In November 2015, the Oxford English Dictionary broke new ground and selected an emoji as the 2015 Word of the Year:
— Oxford Dictionaries (@OxfordWords) November 16, 2015
The emoji, titled ‘face with tears of joy’, along with other emojis, have grown in popularity since smart phones adopted them as keyboard options.
This decision from the Oxford English Dictionary is a sign of recognition – a recognition that culturally we are moving towards new forms of self-expression. Bing made the same recognition in 2015, testing a feature that would allow users to search by emoji.
As you would imagine, this decision was met with divided reaction. Some argue that this is a sign that society is moving backwards and we are regressing back to cave art and primordial grunts while others argue that it is a new universal language and a way (of sorts) to bridge communications between countries. Other concerns are that by choosing to use emojis, we are limiting ourselves and reducing the complexity of how we communicate. By thinking basic, rudimentary thoughts and the insistence and popularity of using emojis to communicate could lead to a restricted, more rudimentary form of language.
There is the possibility that the emoji craze could be nothing more than a fad, like the Furby and Crazy Frog. Pictograms are basic and lack the structure to form a linguistic system, as the number of emojis available to us increases the process when selecting an appropriate emoji becomes a consuming task – a question of reflecting an emotion (which is a complex task even when using words) in a single pictogram. It is also worth noting that the majority of these concerns have come from the older generations, generations who in the last 25 years have seen the birth of the internet, emails and portable phones evolve from small bricks to sleek, touchscreen multimedia centres.
The other side of this argument is that emojis make language more expressive and allow us to add emotions to what otherwise is text on a screen. This additional layering of emotion is particularly evident when it comes to more modern forms of communication such as emails or various instant messaging platforms (texting included). Messages that otherwise lack an emotional flatness can now express doubt, happiness and sarcasm. They can also remove the need to type any text at all – for example someone messaging their friend a pizza emoji and a question mark removes the need to type a question.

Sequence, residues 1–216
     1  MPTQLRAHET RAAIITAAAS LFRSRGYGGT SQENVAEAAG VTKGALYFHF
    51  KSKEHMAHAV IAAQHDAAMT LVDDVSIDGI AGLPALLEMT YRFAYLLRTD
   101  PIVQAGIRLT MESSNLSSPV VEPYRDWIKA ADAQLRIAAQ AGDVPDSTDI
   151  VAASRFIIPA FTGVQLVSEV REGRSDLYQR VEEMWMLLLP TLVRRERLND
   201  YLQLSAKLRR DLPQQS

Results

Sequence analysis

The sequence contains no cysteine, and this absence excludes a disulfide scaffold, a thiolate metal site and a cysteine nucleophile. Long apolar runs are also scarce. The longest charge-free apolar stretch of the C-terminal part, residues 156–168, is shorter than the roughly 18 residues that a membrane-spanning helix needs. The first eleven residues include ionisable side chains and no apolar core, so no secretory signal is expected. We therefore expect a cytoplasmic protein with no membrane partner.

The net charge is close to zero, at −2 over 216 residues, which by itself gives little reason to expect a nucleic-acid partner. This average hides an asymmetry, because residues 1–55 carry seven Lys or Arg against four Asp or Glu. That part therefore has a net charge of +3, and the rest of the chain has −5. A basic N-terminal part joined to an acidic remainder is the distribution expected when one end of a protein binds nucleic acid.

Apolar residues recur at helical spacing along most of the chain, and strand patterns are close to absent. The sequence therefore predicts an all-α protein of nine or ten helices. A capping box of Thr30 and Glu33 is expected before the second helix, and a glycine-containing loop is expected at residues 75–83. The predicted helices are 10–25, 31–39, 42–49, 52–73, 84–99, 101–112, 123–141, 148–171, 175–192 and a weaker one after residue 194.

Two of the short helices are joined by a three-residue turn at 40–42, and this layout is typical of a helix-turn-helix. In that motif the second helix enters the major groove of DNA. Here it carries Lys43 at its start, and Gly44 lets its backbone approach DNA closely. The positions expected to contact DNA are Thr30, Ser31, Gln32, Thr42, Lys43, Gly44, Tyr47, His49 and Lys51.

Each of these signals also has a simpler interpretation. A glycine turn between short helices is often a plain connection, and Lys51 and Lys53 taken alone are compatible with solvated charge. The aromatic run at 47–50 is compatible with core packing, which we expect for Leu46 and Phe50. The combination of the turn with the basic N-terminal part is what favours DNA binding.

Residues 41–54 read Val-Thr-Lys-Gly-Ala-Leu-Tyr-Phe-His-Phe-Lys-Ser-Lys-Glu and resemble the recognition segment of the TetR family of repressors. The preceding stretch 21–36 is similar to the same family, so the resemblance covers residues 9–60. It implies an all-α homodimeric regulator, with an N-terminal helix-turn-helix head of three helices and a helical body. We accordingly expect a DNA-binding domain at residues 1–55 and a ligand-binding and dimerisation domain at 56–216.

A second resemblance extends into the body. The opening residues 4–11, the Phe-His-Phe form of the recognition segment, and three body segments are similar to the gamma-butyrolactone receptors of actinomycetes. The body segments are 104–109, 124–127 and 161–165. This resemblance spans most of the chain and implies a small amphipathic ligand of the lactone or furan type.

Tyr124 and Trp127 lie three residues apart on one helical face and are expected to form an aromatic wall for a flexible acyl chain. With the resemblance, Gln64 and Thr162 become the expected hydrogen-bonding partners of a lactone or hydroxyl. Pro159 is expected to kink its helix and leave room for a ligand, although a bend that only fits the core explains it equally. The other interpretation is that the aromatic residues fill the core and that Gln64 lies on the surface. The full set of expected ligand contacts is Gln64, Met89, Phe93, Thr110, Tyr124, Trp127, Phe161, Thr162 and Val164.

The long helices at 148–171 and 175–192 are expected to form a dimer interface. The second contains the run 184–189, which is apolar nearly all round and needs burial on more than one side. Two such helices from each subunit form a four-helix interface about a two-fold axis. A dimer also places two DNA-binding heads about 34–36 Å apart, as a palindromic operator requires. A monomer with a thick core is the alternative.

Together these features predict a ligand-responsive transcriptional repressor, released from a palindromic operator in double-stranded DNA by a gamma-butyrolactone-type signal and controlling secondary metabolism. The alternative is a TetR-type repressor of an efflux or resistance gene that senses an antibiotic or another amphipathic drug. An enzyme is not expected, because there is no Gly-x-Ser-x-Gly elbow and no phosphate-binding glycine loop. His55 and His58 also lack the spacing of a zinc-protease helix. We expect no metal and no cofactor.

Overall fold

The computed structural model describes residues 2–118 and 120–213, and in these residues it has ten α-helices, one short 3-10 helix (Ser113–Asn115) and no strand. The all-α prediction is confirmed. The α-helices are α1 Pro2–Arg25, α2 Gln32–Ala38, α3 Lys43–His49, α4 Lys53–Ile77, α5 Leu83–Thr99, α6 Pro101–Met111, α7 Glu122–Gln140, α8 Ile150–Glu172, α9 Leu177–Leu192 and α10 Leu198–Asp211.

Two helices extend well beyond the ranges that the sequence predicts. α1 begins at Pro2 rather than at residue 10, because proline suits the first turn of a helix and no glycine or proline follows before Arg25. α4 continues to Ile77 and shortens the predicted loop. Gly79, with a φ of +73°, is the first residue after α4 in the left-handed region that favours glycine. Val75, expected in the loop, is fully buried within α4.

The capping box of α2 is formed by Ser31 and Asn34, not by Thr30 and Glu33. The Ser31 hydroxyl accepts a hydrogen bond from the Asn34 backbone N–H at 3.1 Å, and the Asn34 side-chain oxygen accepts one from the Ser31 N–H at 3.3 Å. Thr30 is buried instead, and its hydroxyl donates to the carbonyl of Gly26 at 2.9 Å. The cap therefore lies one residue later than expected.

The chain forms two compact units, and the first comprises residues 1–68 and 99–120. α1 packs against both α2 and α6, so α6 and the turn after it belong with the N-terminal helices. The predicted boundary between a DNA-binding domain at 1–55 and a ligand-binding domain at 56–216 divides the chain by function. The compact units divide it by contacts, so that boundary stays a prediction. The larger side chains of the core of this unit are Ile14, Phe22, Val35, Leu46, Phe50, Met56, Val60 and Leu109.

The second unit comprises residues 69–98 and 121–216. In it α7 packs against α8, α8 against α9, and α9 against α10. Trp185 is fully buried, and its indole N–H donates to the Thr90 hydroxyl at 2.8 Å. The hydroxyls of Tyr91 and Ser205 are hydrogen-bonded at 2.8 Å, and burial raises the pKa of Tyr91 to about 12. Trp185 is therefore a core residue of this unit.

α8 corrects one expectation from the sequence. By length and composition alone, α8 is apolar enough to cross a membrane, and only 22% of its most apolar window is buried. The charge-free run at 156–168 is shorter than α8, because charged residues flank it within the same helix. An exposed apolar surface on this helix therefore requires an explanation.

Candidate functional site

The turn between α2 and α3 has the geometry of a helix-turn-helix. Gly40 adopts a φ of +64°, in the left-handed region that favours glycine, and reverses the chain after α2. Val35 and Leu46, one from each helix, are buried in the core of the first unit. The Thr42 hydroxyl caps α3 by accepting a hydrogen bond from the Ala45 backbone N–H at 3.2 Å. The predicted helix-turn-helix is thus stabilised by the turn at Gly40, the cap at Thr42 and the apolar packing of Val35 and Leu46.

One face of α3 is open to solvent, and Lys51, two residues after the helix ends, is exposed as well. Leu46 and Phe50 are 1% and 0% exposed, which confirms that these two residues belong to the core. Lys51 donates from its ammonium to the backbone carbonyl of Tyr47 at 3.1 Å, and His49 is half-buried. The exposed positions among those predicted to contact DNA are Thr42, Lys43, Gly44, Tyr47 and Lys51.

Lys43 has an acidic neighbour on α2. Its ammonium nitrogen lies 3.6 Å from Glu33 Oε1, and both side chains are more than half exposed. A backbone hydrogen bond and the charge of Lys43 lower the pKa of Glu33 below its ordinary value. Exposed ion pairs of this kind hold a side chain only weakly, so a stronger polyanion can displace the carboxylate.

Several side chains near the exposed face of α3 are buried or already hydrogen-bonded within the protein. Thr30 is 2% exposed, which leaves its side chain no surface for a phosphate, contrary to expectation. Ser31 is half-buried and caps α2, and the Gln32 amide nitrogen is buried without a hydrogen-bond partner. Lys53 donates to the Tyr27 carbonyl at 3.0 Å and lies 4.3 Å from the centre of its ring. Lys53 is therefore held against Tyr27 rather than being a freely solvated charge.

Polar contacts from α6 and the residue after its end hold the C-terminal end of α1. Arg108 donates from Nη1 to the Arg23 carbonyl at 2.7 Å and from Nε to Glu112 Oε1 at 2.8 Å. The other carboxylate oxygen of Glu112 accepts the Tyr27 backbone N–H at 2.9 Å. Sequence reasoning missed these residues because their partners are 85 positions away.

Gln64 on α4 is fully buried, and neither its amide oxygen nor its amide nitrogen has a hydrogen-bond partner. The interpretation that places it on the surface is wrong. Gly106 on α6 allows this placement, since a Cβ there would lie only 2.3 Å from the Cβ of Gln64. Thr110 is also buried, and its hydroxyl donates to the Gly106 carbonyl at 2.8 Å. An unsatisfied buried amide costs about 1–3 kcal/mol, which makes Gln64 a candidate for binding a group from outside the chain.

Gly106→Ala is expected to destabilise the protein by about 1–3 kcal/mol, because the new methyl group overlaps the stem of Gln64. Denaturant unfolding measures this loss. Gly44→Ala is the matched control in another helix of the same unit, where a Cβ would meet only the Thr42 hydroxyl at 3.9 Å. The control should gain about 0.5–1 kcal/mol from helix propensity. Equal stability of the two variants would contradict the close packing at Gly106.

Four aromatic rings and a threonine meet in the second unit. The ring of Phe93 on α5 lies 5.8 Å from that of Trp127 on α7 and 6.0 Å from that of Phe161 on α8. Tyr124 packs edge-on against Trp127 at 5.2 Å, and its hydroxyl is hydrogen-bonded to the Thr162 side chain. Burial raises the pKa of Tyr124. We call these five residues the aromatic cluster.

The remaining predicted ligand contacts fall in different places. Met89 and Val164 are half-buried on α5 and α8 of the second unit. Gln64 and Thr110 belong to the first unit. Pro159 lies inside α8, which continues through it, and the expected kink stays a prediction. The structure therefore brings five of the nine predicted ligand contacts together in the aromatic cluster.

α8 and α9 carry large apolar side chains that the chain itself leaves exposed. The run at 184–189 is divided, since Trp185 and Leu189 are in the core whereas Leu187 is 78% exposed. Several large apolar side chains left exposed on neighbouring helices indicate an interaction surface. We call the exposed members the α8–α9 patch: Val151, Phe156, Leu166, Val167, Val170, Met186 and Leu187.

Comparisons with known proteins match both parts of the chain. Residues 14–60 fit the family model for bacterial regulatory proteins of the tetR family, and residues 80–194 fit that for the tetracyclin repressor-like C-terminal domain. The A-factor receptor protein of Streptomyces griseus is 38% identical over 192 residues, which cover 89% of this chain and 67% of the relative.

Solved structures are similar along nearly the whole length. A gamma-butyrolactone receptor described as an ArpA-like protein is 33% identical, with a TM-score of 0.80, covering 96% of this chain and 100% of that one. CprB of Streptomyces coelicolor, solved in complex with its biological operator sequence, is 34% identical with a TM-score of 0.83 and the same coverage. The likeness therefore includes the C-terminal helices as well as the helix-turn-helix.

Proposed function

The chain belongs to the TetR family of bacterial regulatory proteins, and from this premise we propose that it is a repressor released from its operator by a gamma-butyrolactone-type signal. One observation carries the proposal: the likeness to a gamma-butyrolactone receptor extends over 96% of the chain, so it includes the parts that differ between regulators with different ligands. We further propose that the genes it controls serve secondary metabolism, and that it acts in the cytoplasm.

Just like language has mechanisms that allow for the input of tone and underlying meaning – similar to how using bold and italics work, emojis emphasise the meaning of a message.
Different and varied forms of communication allow for varied and different forms of expressiveness that help identify and define our personalities, our mannerisms and our individuality.
Language and its usage is constantly evolving, new words are being added to our daily vocabulary every day. According to Elliot and Caroll, the Cross of Gold speech given by William Jennings Bryan when he accepted the Democratic nomination for president, his average sentence length was 104 words. In comparison, the average sentence spoken by a president in modern times is 29 words. Our language is becoming more precise, confined and to the point.
Every new form of communication brings new challenges and opportunities, as well as new methods for us to express ourselves. The emoji revolution is still in its early stages and in the long run, may be a short-lived cultural phenomenon, however the idea of what it represents may prove to be much more important. The thought of wanting to use pictures and other, visual ways to express ourselves is exciting given the innovation in technology we have experienced over the last decade. Maybe it’s time to look at our language, the ‘old’ ways of communicating and rework them so they have a place in modern life? Regardless, it cannot be disputed that emojis have disrupted our language use and changed how we communicate.
[Featured image: Shutterstock]
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